How is that my problem?
If you want the light to be different at the beach – it just is.
There is no way that I will ever live in your Kingdom.
You are not without a prayer. The door is always open. The bread is given.
You won’t need that other bread here. You need the kind that doesn’t decay. Good for you it is provided.
Where do I get this? I haven’t seen it. How many hours work does it take.
It doesn’t take work. Don’t worry. Your Father’s got it.
Can I get out of Nebraska? The neighbors are just so rough.
Sounds like you need some more time there.
But there is something you can ask for.
I’d suggest a fish, or some bread.
Back to the bread. Ok. Can I have some bread, oh, and by the way could you give my neighbors some? They really need it and it doesn’t seem fair if I’ve got it and they don’t.
Now you’re catching on, maybe a trip to the state fair.
I’ve heard that is a confusing place.
Not every blue ribbon is on a real prize winning hog.
How do I get the good stuff?
Stick to fruits. Avoid the junk food.
But deep fried snickers bars taste so good.
Yes, and houses built to flip to the next fool seemed like a good idea.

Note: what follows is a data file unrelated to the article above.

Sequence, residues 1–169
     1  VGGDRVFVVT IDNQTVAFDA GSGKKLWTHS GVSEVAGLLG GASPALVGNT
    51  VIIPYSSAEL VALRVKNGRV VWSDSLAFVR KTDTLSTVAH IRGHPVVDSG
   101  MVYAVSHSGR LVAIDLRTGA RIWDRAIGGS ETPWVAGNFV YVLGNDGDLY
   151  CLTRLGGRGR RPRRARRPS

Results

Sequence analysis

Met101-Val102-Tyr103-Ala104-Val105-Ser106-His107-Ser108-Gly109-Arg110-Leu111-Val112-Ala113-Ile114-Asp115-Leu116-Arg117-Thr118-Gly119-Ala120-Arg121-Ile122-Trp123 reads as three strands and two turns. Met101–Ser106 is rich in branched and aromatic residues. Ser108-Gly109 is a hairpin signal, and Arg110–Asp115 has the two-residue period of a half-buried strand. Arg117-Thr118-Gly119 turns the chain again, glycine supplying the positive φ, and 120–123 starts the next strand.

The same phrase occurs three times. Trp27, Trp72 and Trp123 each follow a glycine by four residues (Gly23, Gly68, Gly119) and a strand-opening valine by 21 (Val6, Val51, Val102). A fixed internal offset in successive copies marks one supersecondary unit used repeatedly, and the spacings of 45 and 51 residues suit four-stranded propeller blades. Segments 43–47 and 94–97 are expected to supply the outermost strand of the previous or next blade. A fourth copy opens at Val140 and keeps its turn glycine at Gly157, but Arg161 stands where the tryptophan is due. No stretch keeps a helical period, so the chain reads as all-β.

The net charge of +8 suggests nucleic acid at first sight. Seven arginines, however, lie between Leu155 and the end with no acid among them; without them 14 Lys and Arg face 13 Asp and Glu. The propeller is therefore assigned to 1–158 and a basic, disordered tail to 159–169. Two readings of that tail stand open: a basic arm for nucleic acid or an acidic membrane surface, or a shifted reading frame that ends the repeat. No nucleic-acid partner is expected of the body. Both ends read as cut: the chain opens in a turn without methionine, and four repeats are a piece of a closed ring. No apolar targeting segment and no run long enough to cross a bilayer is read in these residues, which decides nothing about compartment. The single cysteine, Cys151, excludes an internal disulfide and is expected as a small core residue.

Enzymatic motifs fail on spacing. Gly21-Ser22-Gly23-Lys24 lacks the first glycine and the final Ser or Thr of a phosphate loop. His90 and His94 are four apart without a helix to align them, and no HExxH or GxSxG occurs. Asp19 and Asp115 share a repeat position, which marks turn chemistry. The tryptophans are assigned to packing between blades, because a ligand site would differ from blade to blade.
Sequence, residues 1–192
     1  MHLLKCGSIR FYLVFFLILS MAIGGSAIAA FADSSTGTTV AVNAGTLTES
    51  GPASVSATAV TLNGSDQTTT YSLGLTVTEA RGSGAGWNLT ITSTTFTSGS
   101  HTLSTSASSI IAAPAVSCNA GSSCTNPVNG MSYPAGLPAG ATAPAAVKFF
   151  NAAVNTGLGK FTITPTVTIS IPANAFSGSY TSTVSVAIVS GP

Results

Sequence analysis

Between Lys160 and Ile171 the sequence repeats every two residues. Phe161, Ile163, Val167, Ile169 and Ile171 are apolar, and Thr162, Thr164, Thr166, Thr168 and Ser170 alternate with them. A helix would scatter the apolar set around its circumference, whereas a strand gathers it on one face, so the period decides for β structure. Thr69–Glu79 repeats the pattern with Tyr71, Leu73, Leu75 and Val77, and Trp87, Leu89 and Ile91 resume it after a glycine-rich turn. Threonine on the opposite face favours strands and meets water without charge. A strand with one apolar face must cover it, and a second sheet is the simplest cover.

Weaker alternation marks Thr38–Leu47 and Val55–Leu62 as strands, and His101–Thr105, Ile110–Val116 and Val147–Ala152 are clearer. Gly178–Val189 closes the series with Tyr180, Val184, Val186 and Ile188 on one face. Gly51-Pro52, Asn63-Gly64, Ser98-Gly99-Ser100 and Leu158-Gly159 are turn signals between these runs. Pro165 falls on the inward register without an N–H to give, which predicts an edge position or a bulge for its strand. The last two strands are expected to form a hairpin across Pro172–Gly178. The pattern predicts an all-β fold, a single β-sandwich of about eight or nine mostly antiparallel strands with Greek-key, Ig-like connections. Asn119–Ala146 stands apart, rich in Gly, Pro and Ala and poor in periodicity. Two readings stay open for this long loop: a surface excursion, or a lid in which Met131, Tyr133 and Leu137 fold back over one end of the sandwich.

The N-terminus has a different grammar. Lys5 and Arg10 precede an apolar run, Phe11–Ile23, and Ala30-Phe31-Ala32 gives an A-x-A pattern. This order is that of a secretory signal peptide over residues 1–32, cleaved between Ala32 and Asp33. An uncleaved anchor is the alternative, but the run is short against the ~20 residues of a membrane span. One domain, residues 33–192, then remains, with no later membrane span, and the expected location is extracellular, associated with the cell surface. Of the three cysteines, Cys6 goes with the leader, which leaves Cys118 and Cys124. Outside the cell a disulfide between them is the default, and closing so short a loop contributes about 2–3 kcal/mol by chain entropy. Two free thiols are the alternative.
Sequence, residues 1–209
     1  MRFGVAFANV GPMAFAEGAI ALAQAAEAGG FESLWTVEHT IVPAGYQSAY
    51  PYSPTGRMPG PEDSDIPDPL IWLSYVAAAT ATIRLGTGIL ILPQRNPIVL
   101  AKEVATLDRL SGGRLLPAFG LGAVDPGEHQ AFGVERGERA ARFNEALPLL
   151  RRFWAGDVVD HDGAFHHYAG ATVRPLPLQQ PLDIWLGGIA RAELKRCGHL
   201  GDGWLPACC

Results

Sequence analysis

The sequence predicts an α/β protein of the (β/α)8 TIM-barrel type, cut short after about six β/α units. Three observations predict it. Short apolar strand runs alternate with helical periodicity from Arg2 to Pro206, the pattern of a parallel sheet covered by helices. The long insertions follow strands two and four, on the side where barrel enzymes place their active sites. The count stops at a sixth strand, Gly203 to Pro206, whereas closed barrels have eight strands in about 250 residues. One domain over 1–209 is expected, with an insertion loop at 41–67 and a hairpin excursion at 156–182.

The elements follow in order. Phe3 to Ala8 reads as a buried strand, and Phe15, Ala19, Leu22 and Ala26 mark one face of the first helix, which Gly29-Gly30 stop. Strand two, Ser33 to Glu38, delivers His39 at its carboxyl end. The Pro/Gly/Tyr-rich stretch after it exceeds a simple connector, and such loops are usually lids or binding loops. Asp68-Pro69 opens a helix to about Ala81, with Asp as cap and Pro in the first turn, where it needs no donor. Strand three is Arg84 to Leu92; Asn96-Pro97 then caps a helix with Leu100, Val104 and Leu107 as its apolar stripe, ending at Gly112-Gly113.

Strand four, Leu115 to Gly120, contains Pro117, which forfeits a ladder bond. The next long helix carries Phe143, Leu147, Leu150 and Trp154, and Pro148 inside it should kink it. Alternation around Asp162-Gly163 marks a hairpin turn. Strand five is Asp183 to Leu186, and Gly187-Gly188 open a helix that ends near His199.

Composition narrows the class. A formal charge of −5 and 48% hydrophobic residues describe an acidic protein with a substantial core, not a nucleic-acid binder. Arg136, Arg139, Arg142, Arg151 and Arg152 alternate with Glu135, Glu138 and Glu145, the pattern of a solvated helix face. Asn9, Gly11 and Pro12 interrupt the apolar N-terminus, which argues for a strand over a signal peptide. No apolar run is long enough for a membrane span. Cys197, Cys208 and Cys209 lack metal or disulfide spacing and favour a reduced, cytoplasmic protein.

So what about that beach?
Do you really want to build your house on the sand?
Where would you suggest?
Its poor land, but the Appalachians might be nice.
That’s ok, I hear poor lands offer great doors.

Spiritual Practices #3

When we talk about Spiritual Practices I can think off of the top of my head of at least three different takes on this:
1) Acts of Mercy. Dr. Beck captures this very well here and here. Another way to view these might be the St. Therese’s ‘little way’. If I live a life of mercy, of seeing Christ in those I serve, I am constantly in the presence of God. Not a bad way to live life. The basis here is Matt 25:31-46 which is the scene of the last judgement.

2) Evangelical Counsels. This is a very old Catholic understanding and the basis of monasticism getting its start from Matt 19:21 in what Jesus says to the Rich Young Man. The RYM says he has kept the commandments. Jesus says if he wants to be perfect go sell everything. The counsel taken by the monastics is a life of poverty, chastity and obedience. These are not placed on everyone in Catholic teaching. In Lutheran teaching these are dangerous. The Augsburg Confession in Article 27 on Monastic Vows gives the Lutheran warning and rejection. But, you might hear people putting these forward.

3) Prayer, Fasting, Almsgiving. This is what I’m going to concentrate on. As we’ve developed this it comes from Matt 6 and the sermon on the mount. At this point in the sermon on the mount we’ve been told we are part of the Kingdom in the beatitudes and then we’ve heard the law in its amplified form. Each one of those should send up back to that first beatitude – blessed are the poor. But what is the way forward, or how do we persevere in the sanctified life?